Ashley and Wynonna Judd accused of disobeying court order in fight over sealing mom Naomi's death records

The Judd sisters say that the records are 'private, incredibly sensitive, and do nothing more than re-open the fresh wounds of Naomi Judd's death'

Ashley and Wynonna Judd accused of disobeying court order in fight over sealing mom Naomi's death records
Naomi Judd’s daughters Ashley and Wynonna want the inquiry file about their mother's death to be sealed (Mickey Bernal/Getty Images)
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WILLIAMSON COUNTY, TENNESSEE: Naomi Judd's daughters, Ashley and Wynonna have been accused of breaking a court order that required them to hand over documents as part of their fight to seal their late mother Naomi's death records. Naomi, 76, died at her Tennessee property from a self-inflicted gunshot wound on April 30.

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The Judds sisters, who want the inquiry file about their mother's death to be sealed, say that the papers are "private, incredibly sensitive, and do nothing more than re-open the fresh wounds of Naomi Judd's death." The defendants, however, have contended that the file should be provided since it contains public records.

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The 911 calls from Ashley, who was present at the scene when the incident occurred, the body camera footage from the scene, images of the note Naomi left for her family, texts between Ashley and the family psychologist, and various images of guns on the property are all included in the file that the family wants to remain sealed. The distribution of the material, according to Naomi's daughters, would be extremely upsetting for them.

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(L-R) Ashley Judd and inductee Wynonna Judd attend the class of 2021 medallion ceremony at Country Music Hall of Fame and Museum on May 01, 2022 in Nashville, Tennessee.
Ashley Judd and inductee Wynonna Judd attend the class of 2021 medallion ceremony at the Country Music Hall of Fame and Museum on May 01, 2022, in Nashville, Tennessee (Jason Kempin/Getty Images for Country Music Hall of Fame and Museum)

The records are public records, and the sheriff and local journalists have advocated for their release. The legal dispute has been very heated. The journalists are now claiming that the Judd family disregarded the court's order and schedule in the case, according to court documents acquired by RadarOnline.com. They claimed that the Judd family had ignored their requests for information and papers to be provided by a certain date.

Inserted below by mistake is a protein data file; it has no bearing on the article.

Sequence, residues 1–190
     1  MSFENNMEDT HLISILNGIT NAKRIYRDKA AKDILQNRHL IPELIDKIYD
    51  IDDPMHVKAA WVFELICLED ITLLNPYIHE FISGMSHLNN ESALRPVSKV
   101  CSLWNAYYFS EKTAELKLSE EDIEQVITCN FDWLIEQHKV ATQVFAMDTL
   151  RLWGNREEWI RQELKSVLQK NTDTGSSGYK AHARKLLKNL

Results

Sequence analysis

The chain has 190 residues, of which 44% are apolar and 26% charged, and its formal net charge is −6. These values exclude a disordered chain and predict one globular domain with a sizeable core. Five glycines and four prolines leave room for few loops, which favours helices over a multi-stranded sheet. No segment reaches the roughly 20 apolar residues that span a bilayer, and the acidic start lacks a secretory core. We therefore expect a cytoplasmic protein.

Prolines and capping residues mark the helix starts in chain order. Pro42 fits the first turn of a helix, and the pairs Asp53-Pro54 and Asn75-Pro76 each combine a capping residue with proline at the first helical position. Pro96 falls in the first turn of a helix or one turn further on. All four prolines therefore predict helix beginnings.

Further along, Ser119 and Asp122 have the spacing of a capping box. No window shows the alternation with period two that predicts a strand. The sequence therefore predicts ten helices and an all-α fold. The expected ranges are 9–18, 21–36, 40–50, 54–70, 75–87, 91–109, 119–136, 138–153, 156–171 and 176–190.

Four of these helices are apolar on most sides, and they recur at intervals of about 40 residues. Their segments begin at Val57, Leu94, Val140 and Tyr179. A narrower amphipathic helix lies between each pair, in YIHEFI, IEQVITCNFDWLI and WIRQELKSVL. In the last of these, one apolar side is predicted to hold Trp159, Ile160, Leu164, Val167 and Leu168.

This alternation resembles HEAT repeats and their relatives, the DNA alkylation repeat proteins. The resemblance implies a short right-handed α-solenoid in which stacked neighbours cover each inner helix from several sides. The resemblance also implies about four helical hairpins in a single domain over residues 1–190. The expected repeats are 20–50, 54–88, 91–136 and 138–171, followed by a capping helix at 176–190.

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According to the journalists, the Judd family did not wish to release any materials regarding the "publicity campaign" of the plaintiffs. The fact that Ashley took part in numerous interviews where she spoke about her mother's passing is one of the reporters' arguments for the release. They also asked for a list of all the witnesses the Judd family intended to call at the trial and a list of everyone with whom they had spoken about Naomi Judd's death, including publicists. “Identify every person that you have communicated with regarding Naomi Judd’s death, including, without limitation, the circumstances of Naomi Judd’s death or any investigation of Naomi Judd’s death,” the filing reads. The journalist's counsel then wanted payment from the Judd family for the cost of filing the motion.

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On the other hand, Wynonna and Ashley claim they have issues with some of the requests and have never disobeyed a court order. “Not only was the written discovery sent last minute – but it included a request for production of ALL written communications SENT or RECEIVED by Plaintiffs regarding their wife and mother’s death. This request not only invades the privacy of the Plaintiffs – the very purpose of this action, but certainly includes communications which are entirely irrelevant and could not even possibility lead to the discovery of relevant evidence,” the Judd family attorney wrote. “The Plaintiffs have received thousands of unsolicited communications from fans expressing condolence. It would take Plaintiffs months and at great cost to even attempt to compile all of the communications.”

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